$69 million — The amount that Democratic challenger Beto O'Rourke has raised in his bid for a U.S. Senate seat in Texas, with 45 per cent of the money coming from out of state. That's $29 million more than the heavily favoured incumbent, Republican Sen. Ted Cruz.

Texas Representative and Senatorial Democratic Party candidate Beto O'Rourke delivers a speech in El Paso, Texas, on Monday. (Paul Ratje/AFP/Getty Images)

$1.307 billion — The amount that outside groups like Super PACs and unions have spent during this election cycle, mostly on attack ads.

$213 millionThe cash that 61 wealthy, self-funding candidates have collectively spent on their campaigns this year.

$2 millionThe largest individual corporate donation this election cycle, from Koch Industries to the conservative Americans for Prosperity advocacy group created by the company's owners, David and Charles Koch.

44 — The number of midterm election rallies that President Donald Trump has addressed since early March, including 11 events in eight states over the past six days.

U.S. President Donald Trump speaks at a campaign for Republican Senate candidate Mike Braun in Fort Wayne, Ind., on Monday. (Aaron P. Bernstein/Getty Images)

81 — How many Democratic candidates former President Barack Obama has endorsed for the 2018 campaign, and during his dozen or so appearances on the stump.

115The combined number of Facebook and Instagram accounts that have been shut down ahead of today's vote because they were engaged in "coordinated inauthentic behaviour," according to the company.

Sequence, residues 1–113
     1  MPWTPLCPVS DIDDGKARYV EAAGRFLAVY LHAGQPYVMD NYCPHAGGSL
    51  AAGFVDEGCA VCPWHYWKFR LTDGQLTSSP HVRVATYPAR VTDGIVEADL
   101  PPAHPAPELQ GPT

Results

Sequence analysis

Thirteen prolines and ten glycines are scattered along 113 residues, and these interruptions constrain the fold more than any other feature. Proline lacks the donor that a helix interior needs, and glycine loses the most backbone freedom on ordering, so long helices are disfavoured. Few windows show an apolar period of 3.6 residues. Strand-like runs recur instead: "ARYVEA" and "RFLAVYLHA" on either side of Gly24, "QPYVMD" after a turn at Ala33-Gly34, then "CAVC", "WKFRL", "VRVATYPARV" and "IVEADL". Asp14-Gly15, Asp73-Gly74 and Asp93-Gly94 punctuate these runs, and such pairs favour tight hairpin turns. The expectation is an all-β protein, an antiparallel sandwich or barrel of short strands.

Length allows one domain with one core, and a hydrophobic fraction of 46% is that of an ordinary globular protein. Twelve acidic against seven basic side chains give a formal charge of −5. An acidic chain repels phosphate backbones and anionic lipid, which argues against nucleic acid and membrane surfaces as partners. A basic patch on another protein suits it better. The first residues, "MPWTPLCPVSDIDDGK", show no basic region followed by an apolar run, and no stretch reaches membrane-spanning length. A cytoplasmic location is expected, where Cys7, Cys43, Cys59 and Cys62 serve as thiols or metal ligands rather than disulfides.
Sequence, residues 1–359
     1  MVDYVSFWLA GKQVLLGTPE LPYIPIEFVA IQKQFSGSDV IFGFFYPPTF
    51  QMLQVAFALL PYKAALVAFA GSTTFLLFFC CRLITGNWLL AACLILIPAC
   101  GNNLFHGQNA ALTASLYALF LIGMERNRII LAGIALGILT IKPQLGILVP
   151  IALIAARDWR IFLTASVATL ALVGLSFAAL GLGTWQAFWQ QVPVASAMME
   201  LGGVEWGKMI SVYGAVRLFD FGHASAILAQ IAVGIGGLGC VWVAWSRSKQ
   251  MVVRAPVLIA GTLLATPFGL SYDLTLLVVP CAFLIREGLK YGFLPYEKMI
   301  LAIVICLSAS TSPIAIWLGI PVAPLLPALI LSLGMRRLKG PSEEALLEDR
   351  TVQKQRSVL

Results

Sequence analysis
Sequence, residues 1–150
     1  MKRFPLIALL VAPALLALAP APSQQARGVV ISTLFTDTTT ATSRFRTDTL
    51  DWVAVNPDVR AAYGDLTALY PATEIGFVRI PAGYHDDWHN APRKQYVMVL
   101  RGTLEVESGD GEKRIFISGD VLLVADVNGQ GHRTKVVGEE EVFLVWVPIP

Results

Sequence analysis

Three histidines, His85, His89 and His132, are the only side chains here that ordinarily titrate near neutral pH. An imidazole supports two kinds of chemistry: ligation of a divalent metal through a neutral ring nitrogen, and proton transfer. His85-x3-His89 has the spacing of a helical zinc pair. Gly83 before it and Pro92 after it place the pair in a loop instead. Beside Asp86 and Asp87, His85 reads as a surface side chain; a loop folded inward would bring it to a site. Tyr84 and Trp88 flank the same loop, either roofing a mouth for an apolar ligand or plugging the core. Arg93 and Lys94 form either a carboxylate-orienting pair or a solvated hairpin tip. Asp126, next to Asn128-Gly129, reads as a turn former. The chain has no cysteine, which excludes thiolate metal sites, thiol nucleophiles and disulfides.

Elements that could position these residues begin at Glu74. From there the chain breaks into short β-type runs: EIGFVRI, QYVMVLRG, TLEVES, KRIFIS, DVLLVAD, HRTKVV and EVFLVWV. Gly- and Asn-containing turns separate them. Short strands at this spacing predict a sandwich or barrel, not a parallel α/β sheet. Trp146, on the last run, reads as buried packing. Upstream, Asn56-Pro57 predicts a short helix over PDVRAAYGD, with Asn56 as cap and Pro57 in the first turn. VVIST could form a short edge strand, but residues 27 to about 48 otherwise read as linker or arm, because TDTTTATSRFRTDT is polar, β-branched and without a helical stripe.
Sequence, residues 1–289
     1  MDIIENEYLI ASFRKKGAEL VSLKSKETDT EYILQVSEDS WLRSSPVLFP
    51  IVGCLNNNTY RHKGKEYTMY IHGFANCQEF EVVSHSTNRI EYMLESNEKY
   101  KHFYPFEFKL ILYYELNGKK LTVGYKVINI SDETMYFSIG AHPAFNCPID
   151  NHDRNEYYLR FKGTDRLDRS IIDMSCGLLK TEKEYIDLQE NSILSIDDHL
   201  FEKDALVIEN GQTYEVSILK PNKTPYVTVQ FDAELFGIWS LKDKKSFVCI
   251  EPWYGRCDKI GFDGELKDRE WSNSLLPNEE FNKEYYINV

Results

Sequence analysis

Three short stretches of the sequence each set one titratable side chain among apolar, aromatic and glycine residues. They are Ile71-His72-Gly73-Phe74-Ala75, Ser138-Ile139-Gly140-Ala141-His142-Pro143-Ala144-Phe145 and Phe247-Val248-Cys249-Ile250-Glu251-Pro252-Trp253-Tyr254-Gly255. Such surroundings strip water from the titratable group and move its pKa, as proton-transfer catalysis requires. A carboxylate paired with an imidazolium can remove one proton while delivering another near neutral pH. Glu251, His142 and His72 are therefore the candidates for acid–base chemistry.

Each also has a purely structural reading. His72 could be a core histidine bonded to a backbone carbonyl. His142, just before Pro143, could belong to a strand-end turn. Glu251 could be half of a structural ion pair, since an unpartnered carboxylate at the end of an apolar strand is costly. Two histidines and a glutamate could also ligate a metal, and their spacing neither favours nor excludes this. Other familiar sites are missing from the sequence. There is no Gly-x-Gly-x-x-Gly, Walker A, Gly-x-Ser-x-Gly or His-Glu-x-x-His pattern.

Facebook has faced heat since the 2016 presidential election over people using its social media platform for election tampering and distributing 'fake news.' (Jonathan Nackstrand/AFP/Getty Images)

272 — The number of female major-party candidates running for the House, Senate or State governor, 28 per cent of the total 964.

215 — The number of visible minorities seeking office. There are also 26 candidates who identify as gay, lesbian, bisexual or transgender, in what is being described as the most diverse election in American history.

Keeping tabs on the results:

The midterm election results will begin to pour in at 6 p.m. ET from the first states, with the majority of polls in the U.S. closing three hours later. Here's how to follow CBC's coverage of the U.S. midterm elections on TV, radio and online.

Rosemary Barton and the America Votes panel (David Frum, Patti Solis Doyle, Jai Chabria) are rolling up their sleeves for a night of in-depth midterm election coverage, but first, they're here to answer your questions. Watch at and starting at 4 p.m. ET.

  • WATCH: Television coverage on CBC News Network beginning at 5 p.m. ET, with an America Votes special edition of The National starting at 8 p.m. on CBC Television and streamed online
  • ONLINE: Along with ongoing website news coverage, will carry livestreams of Power & Politics at 6:30 p.m. and The National at 8 p.m. ET
  • LIVE BLOG: Follow along on CBC's live blog starting at 7 p.m. ET and throughout the night
  • LISTEN: Extensive CBC Radio coverage begins at 8 p.m. ET

Trump in real time

Producer Nicole Brewster-Mercury recently had a chance to sit in on a popular Canadian university class that interprets U.S. politics and the President Trump "hurricane."